“Yes, Granny.”

“Marcelle, you’re going to tell me why you did this.”

The child was now weeping her heart out. Abruptly, she began twisting her thin hands together and then—she burst out in despair: “You won’t understand! There’s no use in me trying to explain. You’ll never understand, no one will!”

Marcelle cried for a long time, simply standing there without a word.

“You remember,” she said at last, “when we were threshing the wheat?”

“Yes,” said the grandmother, all attention.

The girl searched for words. The two of them, grandmother and granddaughter, thought back to that September day when the wheat had been threshed at Malaret. It was the last of the season’s great agricultural labors, a day of work and celebration.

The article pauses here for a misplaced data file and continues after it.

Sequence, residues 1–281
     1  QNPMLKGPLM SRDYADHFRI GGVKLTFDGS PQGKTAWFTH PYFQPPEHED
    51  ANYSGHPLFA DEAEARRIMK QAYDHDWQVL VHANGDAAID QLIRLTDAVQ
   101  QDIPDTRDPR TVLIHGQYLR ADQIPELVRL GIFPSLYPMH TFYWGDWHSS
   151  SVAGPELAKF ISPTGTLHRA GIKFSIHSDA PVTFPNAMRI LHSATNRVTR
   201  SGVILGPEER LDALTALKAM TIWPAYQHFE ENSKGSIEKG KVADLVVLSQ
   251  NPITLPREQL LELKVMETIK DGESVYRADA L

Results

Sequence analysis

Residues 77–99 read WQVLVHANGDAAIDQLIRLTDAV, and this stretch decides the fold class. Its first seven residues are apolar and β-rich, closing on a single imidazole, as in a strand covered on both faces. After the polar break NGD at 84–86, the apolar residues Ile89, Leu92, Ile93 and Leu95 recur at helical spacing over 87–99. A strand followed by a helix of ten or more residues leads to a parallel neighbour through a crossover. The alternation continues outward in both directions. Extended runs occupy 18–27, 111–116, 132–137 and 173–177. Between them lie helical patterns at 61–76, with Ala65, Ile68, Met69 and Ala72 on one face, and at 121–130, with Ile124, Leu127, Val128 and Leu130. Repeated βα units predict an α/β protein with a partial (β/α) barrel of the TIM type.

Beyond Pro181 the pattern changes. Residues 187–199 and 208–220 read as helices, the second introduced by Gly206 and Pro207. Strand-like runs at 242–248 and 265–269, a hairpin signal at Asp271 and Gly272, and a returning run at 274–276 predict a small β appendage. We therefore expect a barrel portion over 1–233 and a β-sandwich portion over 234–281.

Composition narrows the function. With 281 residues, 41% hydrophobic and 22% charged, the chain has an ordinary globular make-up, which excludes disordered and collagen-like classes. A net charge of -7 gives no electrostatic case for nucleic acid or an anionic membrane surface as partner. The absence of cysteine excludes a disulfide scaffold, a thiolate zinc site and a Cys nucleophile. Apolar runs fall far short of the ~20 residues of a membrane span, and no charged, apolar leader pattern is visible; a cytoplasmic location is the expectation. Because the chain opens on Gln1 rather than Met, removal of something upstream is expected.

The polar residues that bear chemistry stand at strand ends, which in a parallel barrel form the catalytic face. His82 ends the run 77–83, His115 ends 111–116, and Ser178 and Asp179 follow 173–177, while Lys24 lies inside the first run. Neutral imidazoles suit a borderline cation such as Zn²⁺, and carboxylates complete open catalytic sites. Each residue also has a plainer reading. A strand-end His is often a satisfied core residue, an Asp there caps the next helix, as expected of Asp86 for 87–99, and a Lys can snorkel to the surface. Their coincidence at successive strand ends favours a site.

Ever since the morning of the previous day, the oven had been turning out huge golden tarts, and all week the children had been picking fruit to decorate them. The table was laden with big baskets of plums, their honey-colored skins bursting with sugary pearls of juice, their perfume irresistible to wasps and bees. Beneath the high farmyard roofs, the air trembled with a constant low thrumming both solemn and full of joy, which seemed like the very music of summer and made every heart rejoice. On that day, throughout the countryside, everyone strove to offer the finest feast to friends, workers, and neighbors. Fat fowls were prepared, good wine set out, with pies full of cherries and cream, and the flat round pastries called galettes, gleaming with butter. The mistress bustled about; the children pitted the fruit.